This section presents the data collected for the experiment, Which includes thoughts, emotions, and actions taken while driving. Data are collected by taking notes after each trip. A summary of the data will be given, followed by an interpretation of the data. Data will be interpreted in terms of the above classifications and studies.

Observations before Change

Trip 1 -- July 26

I was driving home from school and as usual I kept thinking about my own problems. At one point I felt "mad"; and stepped hard on the accelerator, but immediately checked the speedometer and reminded myself not to go too fast. The "limit" I set for myself is 65 mph on the received a phone call the night before. It was a long conversation and I hate talking long on the phone, especially when the other person didn't have anything important to talk about. I didn't hang up although I wanted to and kept listening Just because I didn't want to be rude. I was mad at that person for wasting my time, and was mad at myself for not telling him to stop talking (in a polite manner, of course.)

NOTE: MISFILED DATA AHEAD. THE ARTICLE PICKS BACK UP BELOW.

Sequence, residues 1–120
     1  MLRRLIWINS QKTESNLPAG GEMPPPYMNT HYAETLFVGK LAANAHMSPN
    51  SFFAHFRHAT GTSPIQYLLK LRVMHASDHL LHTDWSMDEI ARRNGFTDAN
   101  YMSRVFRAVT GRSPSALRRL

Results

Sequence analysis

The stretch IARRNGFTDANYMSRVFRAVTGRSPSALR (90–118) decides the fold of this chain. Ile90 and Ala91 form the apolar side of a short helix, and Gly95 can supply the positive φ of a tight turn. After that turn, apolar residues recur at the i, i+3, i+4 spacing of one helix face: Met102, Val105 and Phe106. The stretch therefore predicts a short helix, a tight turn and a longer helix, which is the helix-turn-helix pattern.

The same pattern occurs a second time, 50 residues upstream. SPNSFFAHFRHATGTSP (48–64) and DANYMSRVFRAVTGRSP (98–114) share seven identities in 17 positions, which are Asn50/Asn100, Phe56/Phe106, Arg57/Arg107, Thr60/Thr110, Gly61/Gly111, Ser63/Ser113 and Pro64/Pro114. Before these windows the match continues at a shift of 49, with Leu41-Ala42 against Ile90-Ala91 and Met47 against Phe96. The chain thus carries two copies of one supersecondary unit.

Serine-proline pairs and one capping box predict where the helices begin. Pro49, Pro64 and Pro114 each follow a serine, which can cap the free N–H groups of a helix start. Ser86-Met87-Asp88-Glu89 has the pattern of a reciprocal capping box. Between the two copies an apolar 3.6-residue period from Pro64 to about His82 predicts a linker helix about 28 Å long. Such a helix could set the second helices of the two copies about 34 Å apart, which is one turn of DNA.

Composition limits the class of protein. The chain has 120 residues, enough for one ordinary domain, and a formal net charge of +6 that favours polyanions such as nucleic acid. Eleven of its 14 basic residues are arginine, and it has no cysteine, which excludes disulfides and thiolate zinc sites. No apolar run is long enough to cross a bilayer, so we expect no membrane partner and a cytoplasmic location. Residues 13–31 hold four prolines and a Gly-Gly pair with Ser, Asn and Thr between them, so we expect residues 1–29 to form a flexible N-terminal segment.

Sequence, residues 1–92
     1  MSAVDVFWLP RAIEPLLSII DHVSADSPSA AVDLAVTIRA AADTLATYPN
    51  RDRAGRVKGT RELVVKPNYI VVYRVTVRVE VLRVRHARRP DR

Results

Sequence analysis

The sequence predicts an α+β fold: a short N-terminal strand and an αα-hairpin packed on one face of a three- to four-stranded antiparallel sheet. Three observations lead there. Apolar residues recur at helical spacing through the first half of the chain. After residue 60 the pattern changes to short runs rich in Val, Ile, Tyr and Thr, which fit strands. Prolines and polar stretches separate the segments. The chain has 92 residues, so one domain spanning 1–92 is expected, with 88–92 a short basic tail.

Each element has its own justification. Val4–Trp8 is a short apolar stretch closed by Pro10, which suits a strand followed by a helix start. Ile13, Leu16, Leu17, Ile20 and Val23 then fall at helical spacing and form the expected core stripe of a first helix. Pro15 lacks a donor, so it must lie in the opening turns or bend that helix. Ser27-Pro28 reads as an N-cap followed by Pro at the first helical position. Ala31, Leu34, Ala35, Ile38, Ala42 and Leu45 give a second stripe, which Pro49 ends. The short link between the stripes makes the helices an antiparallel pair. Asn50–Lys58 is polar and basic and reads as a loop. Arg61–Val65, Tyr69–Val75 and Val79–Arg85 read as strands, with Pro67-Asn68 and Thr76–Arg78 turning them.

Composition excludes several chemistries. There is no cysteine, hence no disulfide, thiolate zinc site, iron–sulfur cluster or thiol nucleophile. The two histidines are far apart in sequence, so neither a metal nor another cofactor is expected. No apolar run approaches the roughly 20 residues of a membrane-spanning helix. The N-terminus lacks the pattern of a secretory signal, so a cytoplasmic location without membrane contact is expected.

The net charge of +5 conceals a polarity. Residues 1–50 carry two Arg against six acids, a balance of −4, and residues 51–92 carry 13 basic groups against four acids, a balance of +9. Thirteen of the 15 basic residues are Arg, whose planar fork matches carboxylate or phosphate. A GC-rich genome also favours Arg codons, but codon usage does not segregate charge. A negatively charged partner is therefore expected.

Then I told myself to forget the whole thing and think of something else. I remember the talk show I watched that morning. I like the host; he is very good. I felt better. Since this was the first day of my observation, I thought about the report and how 1 should organize it. Then I came to a stop sign and made a full stop before turning left to a two-way street as I always do.